An early inheritance of a mortgage-free home was given to the younger daughter at the time of her marriage. It was well understood by all family members at the time that the other older daughter would receive her inheritance when the last parent died. This would be the parent’s home. Evidence was put of their parents’ expressed wishes to treat their two children fairly and to give each of them a property. They made wills to give effect to this. What could go wrong?
Inheritance in domestic relationships and stepchildren
In a Victorian case1 the executor of a deceased estate applied to the Supreme Court to have a claim for family provision dismissed.
The claim was brought by the adult daughter of the deceased’s former domestic partner, who had died some years before. She had been left out of his will, despite assurances and promises to the contrary. The deceased had left everything to his new domestic partner.
By B Stead
Court costs in contesting a will may run into thousands.
If you are thinking of making a claim for family provision under a will, despite all efforts to find a solution, including mediation, don’t assume that your costs will be paid out of the estate; at least in New South Wales. What happens depends on individual circumstances.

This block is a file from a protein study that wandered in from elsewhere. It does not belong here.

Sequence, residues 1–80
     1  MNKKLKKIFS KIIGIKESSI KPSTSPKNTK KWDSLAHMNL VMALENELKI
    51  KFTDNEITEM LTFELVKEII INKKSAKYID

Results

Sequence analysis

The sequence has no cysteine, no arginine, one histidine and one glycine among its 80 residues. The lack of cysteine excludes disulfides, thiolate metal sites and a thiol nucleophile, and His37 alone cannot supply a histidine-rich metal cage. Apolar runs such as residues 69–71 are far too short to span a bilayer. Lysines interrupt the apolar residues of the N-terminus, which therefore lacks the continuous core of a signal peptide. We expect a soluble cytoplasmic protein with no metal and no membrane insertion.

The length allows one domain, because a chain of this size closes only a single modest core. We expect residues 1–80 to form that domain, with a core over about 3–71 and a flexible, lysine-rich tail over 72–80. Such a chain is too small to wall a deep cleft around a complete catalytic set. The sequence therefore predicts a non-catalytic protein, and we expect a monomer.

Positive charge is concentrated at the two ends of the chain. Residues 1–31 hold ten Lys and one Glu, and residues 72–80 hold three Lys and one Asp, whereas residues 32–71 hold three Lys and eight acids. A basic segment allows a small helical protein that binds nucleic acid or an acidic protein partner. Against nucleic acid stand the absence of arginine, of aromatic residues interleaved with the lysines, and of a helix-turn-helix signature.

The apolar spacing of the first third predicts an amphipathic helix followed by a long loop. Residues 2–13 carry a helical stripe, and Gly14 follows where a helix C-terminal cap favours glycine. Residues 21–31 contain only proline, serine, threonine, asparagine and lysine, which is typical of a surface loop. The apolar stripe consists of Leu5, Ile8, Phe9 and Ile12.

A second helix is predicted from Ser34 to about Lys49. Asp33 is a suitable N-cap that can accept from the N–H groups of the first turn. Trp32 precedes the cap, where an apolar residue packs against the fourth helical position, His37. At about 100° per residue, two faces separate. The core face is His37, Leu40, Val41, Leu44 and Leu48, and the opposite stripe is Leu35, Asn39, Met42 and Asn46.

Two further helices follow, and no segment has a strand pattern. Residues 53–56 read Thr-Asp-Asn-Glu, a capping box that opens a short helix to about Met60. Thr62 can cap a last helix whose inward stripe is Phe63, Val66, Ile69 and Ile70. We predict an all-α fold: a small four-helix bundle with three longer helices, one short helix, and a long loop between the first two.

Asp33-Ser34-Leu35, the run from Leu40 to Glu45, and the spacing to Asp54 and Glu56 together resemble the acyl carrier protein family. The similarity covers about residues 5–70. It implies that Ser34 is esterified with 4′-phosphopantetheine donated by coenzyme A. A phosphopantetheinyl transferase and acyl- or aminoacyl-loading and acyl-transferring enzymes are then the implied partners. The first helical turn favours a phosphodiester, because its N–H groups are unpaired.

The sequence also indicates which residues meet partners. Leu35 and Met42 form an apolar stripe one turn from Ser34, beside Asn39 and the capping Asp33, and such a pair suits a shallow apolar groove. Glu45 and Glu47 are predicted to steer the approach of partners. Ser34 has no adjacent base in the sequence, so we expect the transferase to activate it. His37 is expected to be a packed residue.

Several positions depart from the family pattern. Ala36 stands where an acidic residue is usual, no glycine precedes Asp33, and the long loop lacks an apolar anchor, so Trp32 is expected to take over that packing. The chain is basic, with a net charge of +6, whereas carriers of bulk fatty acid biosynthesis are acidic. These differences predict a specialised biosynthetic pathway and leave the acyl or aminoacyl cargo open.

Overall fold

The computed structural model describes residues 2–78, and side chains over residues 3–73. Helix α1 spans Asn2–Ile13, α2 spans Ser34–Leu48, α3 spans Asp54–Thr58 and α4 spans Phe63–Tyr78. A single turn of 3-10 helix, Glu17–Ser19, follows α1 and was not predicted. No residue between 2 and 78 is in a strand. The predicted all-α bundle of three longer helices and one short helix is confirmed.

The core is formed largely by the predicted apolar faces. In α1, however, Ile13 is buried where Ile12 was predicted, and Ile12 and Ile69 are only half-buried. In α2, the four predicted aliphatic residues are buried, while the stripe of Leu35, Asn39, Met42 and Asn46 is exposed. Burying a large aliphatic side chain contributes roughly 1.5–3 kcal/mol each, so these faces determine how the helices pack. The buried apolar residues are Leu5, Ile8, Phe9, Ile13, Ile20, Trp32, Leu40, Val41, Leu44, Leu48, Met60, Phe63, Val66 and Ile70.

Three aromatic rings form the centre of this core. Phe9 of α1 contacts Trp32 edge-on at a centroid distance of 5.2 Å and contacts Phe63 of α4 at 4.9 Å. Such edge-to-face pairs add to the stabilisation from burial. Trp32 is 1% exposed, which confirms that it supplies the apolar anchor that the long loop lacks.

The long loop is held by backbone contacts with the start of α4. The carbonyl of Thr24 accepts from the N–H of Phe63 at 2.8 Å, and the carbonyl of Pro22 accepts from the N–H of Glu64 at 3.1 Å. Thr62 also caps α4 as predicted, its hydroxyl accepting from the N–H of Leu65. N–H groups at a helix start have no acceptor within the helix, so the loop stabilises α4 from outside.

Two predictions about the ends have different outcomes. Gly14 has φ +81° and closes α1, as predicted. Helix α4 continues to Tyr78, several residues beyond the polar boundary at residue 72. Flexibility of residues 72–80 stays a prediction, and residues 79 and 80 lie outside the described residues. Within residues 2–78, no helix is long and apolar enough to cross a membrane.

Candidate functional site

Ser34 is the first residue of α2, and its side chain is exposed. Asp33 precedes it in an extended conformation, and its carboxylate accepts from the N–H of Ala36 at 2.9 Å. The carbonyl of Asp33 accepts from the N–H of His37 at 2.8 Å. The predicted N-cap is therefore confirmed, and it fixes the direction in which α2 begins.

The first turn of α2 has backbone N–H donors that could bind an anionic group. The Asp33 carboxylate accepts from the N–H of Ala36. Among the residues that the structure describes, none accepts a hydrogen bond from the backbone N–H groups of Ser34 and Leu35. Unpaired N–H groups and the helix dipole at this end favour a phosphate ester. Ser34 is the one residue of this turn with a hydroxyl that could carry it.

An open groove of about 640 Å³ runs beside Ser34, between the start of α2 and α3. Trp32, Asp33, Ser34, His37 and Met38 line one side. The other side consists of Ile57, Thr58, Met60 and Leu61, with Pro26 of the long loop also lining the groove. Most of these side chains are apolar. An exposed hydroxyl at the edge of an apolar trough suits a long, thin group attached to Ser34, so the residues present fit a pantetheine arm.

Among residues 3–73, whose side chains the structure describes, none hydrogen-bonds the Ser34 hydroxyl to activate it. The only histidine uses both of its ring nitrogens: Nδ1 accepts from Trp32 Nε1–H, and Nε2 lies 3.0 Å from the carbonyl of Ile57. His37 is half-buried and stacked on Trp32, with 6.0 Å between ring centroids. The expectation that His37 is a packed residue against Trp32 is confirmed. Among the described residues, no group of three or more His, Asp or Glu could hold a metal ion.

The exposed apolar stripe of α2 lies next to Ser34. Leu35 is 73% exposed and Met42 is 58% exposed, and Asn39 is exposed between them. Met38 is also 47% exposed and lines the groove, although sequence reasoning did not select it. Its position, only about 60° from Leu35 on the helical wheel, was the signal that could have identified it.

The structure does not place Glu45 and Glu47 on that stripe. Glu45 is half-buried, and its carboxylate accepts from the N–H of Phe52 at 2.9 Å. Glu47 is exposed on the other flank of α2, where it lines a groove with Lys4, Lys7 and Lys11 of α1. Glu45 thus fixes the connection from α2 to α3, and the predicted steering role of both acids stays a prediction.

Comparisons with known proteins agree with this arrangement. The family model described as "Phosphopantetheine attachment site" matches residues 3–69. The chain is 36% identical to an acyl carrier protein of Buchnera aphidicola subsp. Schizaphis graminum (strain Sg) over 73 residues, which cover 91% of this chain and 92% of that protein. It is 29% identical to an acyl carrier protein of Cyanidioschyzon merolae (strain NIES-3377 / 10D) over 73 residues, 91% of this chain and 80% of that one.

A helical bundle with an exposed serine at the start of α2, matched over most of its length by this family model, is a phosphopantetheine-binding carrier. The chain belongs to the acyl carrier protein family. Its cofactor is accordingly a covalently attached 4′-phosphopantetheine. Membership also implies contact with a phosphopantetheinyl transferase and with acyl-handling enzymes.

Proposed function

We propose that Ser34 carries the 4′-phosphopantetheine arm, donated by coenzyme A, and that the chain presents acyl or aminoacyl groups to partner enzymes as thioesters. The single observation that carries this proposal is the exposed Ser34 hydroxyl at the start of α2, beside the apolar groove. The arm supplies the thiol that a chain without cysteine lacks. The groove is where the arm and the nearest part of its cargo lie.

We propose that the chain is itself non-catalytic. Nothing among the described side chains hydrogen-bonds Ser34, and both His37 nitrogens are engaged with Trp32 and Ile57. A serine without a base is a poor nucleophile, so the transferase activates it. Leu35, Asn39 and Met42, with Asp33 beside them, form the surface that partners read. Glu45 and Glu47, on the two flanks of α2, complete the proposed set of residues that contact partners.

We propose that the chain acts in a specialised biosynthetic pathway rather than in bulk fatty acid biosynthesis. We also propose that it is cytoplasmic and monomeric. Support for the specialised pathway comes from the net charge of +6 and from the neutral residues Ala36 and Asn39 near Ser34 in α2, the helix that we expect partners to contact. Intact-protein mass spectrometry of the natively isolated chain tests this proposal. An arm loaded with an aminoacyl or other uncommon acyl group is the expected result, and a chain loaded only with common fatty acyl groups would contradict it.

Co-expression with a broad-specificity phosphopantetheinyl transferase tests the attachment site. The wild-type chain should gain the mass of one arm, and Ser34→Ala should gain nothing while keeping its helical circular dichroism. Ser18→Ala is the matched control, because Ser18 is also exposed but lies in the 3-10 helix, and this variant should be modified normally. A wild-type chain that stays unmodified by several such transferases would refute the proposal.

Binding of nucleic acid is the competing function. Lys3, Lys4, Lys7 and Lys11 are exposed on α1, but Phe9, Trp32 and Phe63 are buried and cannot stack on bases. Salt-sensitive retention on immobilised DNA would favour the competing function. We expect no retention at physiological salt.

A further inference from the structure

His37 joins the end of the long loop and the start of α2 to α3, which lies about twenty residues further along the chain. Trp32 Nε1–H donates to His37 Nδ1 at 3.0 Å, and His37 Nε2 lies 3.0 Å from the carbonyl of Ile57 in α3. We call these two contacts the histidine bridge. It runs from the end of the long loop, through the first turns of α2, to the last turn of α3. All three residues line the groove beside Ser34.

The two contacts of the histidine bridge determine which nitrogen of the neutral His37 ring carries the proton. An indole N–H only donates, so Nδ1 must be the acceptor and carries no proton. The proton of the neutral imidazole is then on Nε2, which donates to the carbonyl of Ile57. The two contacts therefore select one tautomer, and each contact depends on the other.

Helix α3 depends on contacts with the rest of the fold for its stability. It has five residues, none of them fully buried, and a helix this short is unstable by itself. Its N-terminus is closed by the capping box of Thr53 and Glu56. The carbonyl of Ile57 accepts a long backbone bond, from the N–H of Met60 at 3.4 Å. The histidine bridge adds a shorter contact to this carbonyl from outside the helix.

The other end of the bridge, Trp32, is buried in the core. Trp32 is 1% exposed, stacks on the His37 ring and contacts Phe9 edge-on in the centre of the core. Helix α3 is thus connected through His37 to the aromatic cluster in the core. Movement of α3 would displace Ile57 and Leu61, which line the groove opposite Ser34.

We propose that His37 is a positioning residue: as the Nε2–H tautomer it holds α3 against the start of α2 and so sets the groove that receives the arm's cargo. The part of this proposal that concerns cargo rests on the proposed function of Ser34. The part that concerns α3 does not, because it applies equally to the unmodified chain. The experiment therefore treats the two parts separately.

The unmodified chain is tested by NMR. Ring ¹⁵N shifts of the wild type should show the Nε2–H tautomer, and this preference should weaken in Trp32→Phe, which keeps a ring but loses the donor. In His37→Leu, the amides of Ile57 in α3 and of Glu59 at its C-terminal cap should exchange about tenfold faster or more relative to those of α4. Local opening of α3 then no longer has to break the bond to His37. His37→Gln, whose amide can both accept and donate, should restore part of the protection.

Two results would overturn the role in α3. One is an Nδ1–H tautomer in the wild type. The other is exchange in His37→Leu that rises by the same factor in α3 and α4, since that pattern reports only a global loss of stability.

In recent years the New South Wales Supreme Court has made it clear that the expectation that the costs of making a family provision claim will automatically be paid out of the estate, has been “thoroughly discredited.”1
Illegitimate children or ex-nuptial children are those born outside of marriage. Changes to the law mean that the inheritance rights of illegitimate children are equal to those of legitimate children. So this means they can inherit. What happens if no will was left, (an intestacy) either by an ex-nuptial child or their parent? Who inherits then? Can an ex-nuptial or illegitimate child be eligible under succession law to make a claim on a deceased parent’s estate?
Left out of a will or seeking more – who can apply for provision?
Family provision laws were introduced to remedy situations where willmakers failed to leave adequate provision for the proper maintenance, support and advancement in life for close family, usually spouses, partners and children.
The legislation gives the court1 discretionary power to order provision from a deceased person’s estate, where found to be inadequate, to “eligible” applicants, under certain circumstances. It is not automatic.